Zipping Along

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Zipping Along

LAKELAND, Fla. -- Eric Jungklaus and his chain of tobacco shops, Zips Tobacco Outlet, may not be popular with the local health department or even with much of the general public. But, Jungklaus has carved out a significant niche among Central Florida's smokers: He has turned one store in Lakeland into 12 from Polk County to Orlando to Arcadia.

By 2004, he expects to expand outside of Florida and is considering selling franchises. "I would have never thought I'd be in the tobacco business five years ago, but somehow or another I did," said Jungklaus. "We're growing into areas where people don't know about Zips, and people come in and say, 'Wow!'"

The tobacco industry has taken quite a hit nationwide and in Florida. Tobacco shops such as Zips are one of the few exceptions, according to The (Fla.) Ledger.

Zips doesn't seem like the typical cigarette store. The original shop has a wall full of cigarette cartons and some cigars, but also other knickknacks: incense, candles and some convenience items. That mix has helped turn Zips into a destination shopping spot in small towns, according to Jungklaus. "We try to be more than just a tobacco store," he said.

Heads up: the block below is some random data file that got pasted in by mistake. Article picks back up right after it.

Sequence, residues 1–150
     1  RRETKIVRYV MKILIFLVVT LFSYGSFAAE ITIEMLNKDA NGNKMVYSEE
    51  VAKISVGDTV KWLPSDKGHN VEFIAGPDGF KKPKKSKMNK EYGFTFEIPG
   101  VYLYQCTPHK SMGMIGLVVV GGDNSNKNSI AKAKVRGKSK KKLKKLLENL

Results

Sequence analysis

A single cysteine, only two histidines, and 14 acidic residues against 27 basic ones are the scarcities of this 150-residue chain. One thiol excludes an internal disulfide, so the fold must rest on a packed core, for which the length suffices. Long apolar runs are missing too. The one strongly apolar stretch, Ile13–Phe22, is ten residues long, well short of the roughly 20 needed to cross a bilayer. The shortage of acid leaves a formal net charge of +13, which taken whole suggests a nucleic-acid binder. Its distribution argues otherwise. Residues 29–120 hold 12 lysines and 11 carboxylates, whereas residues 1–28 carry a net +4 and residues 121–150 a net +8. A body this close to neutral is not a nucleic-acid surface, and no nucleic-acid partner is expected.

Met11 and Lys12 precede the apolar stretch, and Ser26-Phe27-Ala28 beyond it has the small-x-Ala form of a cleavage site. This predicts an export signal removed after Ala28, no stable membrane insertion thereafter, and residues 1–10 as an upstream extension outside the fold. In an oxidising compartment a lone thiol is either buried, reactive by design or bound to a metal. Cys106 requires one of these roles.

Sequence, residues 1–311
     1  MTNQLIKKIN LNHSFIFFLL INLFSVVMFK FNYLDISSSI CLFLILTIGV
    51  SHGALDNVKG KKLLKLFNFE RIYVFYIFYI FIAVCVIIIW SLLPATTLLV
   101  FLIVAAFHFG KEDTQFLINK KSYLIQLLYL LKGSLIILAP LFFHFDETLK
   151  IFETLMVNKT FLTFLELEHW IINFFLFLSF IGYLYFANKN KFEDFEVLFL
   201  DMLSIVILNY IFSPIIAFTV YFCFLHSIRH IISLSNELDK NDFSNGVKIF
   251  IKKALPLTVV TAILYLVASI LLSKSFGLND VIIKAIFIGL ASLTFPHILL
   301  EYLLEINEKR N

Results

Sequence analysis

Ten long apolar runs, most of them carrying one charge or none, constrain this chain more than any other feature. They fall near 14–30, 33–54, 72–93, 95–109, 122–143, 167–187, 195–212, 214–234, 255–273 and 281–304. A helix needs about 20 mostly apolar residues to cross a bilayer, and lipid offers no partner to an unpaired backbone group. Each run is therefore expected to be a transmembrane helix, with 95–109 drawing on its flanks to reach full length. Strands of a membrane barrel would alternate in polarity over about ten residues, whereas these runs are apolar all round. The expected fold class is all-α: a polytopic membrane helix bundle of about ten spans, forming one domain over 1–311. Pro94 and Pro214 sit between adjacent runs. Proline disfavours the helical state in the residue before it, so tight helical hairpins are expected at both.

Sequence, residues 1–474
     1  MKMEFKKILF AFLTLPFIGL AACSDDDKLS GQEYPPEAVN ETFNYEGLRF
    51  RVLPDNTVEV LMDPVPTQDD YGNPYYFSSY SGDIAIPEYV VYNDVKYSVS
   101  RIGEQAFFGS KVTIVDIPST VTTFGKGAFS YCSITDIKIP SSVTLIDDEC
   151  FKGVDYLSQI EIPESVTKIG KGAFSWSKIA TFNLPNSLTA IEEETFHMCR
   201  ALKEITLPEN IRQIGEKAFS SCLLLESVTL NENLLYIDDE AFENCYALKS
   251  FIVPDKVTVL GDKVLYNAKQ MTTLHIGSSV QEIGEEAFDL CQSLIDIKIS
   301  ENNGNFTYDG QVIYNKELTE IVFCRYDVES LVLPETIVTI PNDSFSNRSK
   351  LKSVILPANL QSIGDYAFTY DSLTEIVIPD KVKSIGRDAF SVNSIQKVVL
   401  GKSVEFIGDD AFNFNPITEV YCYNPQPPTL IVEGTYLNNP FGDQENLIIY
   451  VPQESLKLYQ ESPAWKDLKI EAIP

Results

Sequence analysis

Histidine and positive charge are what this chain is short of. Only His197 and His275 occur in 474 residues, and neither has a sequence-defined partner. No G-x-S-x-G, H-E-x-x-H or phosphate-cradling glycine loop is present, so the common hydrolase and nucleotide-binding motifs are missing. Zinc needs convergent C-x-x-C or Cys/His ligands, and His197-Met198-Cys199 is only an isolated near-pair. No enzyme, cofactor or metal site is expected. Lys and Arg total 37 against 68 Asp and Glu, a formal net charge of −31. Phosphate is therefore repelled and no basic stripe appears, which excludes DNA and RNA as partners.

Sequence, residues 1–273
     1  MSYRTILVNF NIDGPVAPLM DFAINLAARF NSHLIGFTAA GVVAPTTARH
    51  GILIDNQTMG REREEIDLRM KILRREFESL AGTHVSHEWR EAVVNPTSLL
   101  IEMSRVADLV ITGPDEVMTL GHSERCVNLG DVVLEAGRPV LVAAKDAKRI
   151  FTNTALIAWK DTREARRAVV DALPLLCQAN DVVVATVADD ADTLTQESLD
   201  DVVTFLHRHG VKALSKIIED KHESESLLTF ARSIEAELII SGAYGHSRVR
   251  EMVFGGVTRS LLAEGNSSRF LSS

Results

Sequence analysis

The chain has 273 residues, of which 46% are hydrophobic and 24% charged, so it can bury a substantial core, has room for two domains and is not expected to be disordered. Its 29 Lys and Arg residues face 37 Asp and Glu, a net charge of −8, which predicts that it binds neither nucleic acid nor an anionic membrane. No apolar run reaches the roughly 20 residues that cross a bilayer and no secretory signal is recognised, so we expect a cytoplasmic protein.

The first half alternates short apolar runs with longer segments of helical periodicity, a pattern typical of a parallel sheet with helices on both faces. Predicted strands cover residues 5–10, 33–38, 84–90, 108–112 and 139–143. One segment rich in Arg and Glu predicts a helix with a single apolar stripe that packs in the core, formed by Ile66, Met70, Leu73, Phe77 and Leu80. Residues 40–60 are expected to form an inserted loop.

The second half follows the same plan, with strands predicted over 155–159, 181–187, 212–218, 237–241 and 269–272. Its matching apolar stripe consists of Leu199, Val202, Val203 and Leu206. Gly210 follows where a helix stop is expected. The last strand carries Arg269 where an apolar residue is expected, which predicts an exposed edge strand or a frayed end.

Zips got its start in 1997. A group of businessmen from the Dayton, Ohio-area decided to open some tobacco shops in Florida. Jungklaus helped the men develop the concept and worked for them for a few years. When the first store opened in Edgewood Plaza in 1997, a vice president of Zips Tobacco Inc. laid out an aggressive expansion plan. Zips would open up to 25 more stores in Florida, Ohio and Michigan in 1998, and open as many as 300 stores by 2000, the vice president said at the time.

In the end, that never happened. The Dayton group did open seven Zips stores in Central Florida and four more in Ohio, but never came anywhere close to their lofty plans. Jungklaus bought the seven Florida stores in August 2001 and has since opened five more. But what happened to the original, lofty plans?

"They never got that aggressive," Jungklaus said of the former owners. "I don't know if it was a cash-flow problem or what. Maybe now a lot of that stuff will come true. It's a passion in my heart, and I'm not sure that was in their heart."

Today, some of Zips' best growth is going on in small communities to the south. Earlier this month, Jungklaus opened the stores in Wauchula and Arcadia, Fla. The Sebring store, which opened in June, actually is outselling stores in bigger cities, such as Lakeland and Orlando. Where the average store does about $750,000 every year, the Sebring store should do about $1.5 million this year. Sales throughout the entire chain should top $8 million in 2002, he said. The company employs 25 people.

Jungklaus is projecting all this growth amid a flood of bad tobacco publicity and a smaller percentage of adults who smoke. According to a recent report from the Centers for Disease Control, 22.8 percent of adults smoked in 2001, down from 25 percent in 1993. In fact, there was a substantial reduction in smokers among all age groups from 1993 to 2000, except for people ages 18 to 24.